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The Relationship of Infant Attachment Patterns to Personality Development
From the previous study, personality development has five perspectives, they are temperament, psychoanalytic, attachment, self and observed behavior, and this study will only focus on attachment perspective. According to Ainsworth (1978, as cited in Cassidy, & Mohr, 2001)'s attachment finding, there are 3 types of attachment: 1) secure attachment; 2) avoidant/insecure attachment; 3) resistant/insecure attachment. Many of the psychologists propose that secure infant attachment. The purpose of the current study was to examine the relationship of infant attachment patterns to their further personality development. 60 infant (30female, 30 male, mean age 4 years) and their caregivers were participated in a longitudinal research study. It was hypothesized that infant attachment would contribute an optimal score in the Big Five personality Questionnaire. Ainsworth's 'strange situation' test was used to predict quality of infant attachment, while Big-Five Questionnaire- Children Version (BFQ-C) was used to examine their personality development.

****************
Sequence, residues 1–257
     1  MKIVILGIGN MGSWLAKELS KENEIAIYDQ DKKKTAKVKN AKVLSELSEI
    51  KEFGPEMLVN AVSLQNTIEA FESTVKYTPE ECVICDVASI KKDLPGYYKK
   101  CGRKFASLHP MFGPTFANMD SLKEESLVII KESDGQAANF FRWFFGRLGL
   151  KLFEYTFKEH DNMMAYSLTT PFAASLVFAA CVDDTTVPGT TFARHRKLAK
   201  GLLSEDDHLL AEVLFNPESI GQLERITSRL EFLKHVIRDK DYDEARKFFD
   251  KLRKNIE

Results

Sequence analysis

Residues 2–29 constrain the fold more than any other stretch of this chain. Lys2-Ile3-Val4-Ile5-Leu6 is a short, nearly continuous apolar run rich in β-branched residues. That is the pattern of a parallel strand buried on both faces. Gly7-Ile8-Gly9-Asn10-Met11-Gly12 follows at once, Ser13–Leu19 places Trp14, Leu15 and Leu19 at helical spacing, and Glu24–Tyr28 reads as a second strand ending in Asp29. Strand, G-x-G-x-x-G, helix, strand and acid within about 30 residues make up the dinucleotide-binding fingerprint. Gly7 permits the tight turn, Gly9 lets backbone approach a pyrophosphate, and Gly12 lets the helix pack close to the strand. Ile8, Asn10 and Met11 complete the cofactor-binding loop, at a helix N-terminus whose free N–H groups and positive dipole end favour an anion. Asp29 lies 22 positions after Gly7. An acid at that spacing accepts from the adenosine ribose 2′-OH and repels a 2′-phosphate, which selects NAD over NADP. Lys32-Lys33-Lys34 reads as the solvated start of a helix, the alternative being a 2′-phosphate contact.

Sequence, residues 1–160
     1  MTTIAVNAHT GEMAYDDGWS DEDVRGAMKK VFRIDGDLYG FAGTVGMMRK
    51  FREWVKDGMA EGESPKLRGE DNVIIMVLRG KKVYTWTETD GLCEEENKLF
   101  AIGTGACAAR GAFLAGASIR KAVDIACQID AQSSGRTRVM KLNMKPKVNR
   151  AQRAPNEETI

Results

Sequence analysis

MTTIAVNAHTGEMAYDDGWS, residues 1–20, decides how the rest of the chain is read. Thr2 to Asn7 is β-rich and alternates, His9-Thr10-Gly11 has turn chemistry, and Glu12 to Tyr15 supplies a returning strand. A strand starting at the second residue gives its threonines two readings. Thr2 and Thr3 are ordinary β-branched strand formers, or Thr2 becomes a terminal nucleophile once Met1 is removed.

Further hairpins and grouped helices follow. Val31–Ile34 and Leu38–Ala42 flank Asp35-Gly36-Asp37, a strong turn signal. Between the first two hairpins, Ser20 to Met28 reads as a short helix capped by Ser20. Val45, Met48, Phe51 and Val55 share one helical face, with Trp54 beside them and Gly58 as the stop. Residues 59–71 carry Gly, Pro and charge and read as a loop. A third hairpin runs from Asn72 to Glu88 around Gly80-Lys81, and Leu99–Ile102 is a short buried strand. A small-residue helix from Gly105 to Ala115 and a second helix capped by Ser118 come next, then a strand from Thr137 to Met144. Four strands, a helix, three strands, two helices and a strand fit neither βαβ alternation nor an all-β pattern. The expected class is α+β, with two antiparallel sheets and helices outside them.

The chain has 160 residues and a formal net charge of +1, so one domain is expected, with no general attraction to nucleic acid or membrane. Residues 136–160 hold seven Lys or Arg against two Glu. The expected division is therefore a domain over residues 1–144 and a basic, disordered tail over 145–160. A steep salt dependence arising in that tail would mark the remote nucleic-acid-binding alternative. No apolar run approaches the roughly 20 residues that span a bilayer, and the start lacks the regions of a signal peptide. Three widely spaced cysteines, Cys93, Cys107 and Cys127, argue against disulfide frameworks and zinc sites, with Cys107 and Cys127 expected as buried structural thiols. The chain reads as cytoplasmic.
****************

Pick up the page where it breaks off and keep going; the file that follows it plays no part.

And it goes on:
The aspect result would be strongly support previous theoretical that secure attached infant have been found on average more confident, self-efficacy and more sociable in later childhood than those who were insecurely attached.
The concept of personality refers to the profile of stable beliefs, moods, and behaviors that differentiate among children (and adults) who live in a particular society (Kagan). There are inherent natural, genetic, and environmental factors that contribute to the development of our personality. There are five different perceptions regarding to the early origins of personality. They are 1) temperament which assumes the child's inherited biology; 2) Sigmund Freud's Psychoanalytic which assumes conflict over sexual and hostile motives through the interaction of id, ego and superego; 3) Attachment to the caregiver in the infant years; 4) self interpretation of experience; 5) observed behaviour (Kagan). The current research...